The Starling Fallacy: 36 Pages of Redemption

It seems it’s the season for publishing big fancy books about your brand. Here’s the latest addition to the bike library, from Starling Cycles:

Born in the depths of the NSMB forum, the Starling Fallacy is Starling’s deepest, darkest secret.

It lurked in wait, exposing the core of the brand’s being; its modus operandi; its original sin. But like all secrets, it would never rest, never die, never cease. It would always be there, in the shadows, threatening the heart of Starling Cycles.

1 The Starling Fallacy: 36 Pages of Redemption

And so, Starling Cycles founder Joe McEwan has decided that enough is enough. Like all good internet conspiracies, he knew that the fallacy was based in truth. And so, it’s time to come clean.

The game is up. Starling is no more. Steel and single pivot is not, in fact, real.

2 The Starling Fallacy: 36 Pages of Redemption

“The Starling Fallacy holds that somehow great geometry and shed manufacturing can overcome the performance issues of a true single-pivot bike. And, since we know that great geometry is free and easily duplicated we can further boil down the fallacy to say that shed manufacturing alone can overcome said issues. 

You don’t even have to produce all your bikes in the shed – just some of them. And so, riders who absolutely would not accept the performance of a simple no-linkage true-uni-pivot design from a major manufacturer or even a smaller manufacturer will gush about the descending prowess of a Starling.”

Andrew Major, NSMB

The Starling Fallacy – Available To Order Now

To mark the final chapter of Starling Cycles, McEwan has decided to lift the lid on the brand with a limited edition, 36-page, hardback coffee table quality print journal entitled the ‘Starling Fallacy’. Intended as part memoirs and part confession the book will allow McEwan the opportunity to come clean and for, he hopes, redemption.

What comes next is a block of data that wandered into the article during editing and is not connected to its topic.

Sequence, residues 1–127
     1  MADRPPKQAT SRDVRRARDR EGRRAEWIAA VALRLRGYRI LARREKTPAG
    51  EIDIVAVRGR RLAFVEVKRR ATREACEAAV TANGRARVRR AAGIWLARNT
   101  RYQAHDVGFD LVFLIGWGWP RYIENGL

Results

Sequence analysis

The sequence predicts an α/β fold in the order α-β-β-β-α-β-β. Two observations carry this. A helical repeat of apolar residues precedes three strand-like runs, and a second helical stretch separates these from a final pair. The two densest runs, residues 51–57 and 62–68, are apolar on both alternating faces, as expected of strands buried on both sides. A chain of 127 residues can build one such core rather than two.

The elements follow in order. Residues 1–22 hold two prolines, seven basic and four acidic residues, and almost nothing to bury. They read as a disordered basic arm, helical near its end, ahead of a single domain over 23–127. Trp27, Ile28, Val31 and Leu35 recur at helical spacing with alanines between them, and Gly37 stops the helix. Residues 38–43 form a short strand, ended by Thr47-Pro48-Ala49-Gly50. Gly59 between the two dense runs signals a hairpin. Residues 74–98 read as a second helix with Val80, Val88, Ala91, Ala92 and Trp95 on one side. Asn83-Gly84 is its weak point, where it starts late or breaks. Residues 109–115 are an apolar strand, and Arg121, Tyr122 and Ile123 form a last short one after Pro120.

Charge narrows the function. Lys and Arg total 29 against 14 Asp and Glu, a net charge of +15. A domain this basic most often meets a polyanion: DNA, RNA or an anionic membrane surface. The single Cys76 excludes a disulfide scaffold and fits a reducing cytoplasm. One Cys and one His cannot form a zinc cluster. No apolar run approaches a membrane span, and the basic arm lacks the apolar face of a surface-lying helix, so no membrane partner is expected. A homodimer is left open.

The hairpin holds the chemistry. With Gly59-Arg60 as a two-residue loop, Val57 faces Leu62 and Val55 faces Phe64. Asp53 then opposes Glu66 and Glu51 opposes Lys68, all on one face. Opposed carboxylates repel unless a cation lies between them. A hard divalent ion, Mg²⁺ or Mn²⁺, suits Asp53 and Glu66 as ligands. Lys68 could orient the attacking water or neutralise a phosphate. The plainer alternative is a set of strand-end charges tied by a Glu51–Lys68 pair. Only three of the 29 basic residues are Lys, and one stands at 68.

3 The Starling Fallacy: 36 Pages of Redemption

“Being honest” says McEwan in the opening chapter entitled ‘Got Fired? Fire Up The Welder’ “I just needed a job after I got sacked from my Aerospace gig”.

“I’d been mountain biking a couple of times so I thought I’d give it a shot. I wasn’t sure how to make any money from it, but I knew that would come pretty easily”. 

Nailed It. 

Joe admits that he quickly spotted a gap in the market: “there were frame builders all over the place and it looked pretty easy. You just copy some geometry from another brand and make it a bit longer, lower and slacker. Then you stick a few tubes together and Bob’s your uncle.” 

Joe’s enthusiasm wasn’t held back by a lack of resources and, he admits, inspiration was drawn from the world around him. “I only had the shed to work in because the wife wouldn’t let me weld in the house, so I worked in there. I bought a welder from eBay and prayed I wouldn’t blow up the garden. And yeah, I needed a name for the ‘brand’ and was in a rush to get to the pub on a Friday so I just picked the first thing I spotted out of the window, a Starling on the garden fence. Nailed it.”

Joe quickly realised that his new brand had exposed something bigger “They honestly couldn’t get enough of it. It was like people saw the shed, saw how basic the bikes were and were willing to pay double what they would for a proper bike. It was nuts. I jacked the price up after I’d built a couple and the cash just came rolling in.”

My First Million.

Frame design was obviously critical and the chapter of the book entitled ‘Mo Pivots, Mo Problems. One Pivot, Mo Money’ bears all.

“Kinematics? No idea. I basically just looked at a load of old bikes online and copied those. People seemed to love the idea of a bike with loads of brake jack, disposable shock bushings and suspension that didn’t work when you pulled the stoppers. It was like the more basic you made it, the more they wanted to convince themselves it would work.”

“Once I’d made the suspension as absolutely low-tech as I possibly could, I had one final brain wave: ‘What if we make it out of the oldest, heaviest, thinnest, easiest-to-snap material possible?’ Steel was the obvious choice. The internet went bananas for it and I made my first million”.

McEwan, currently based in The Bahamas hopes that by sharing his story riders will see the true value of simple, steel, single-pivot bikes and continue to believe the hype.

Once sales of the limited edition print journal ‘The Starling Fallacy’ are complete, he intends to sell the business to a major bicycle manufacturer.

Order your copy of The Starling Fallacy here.

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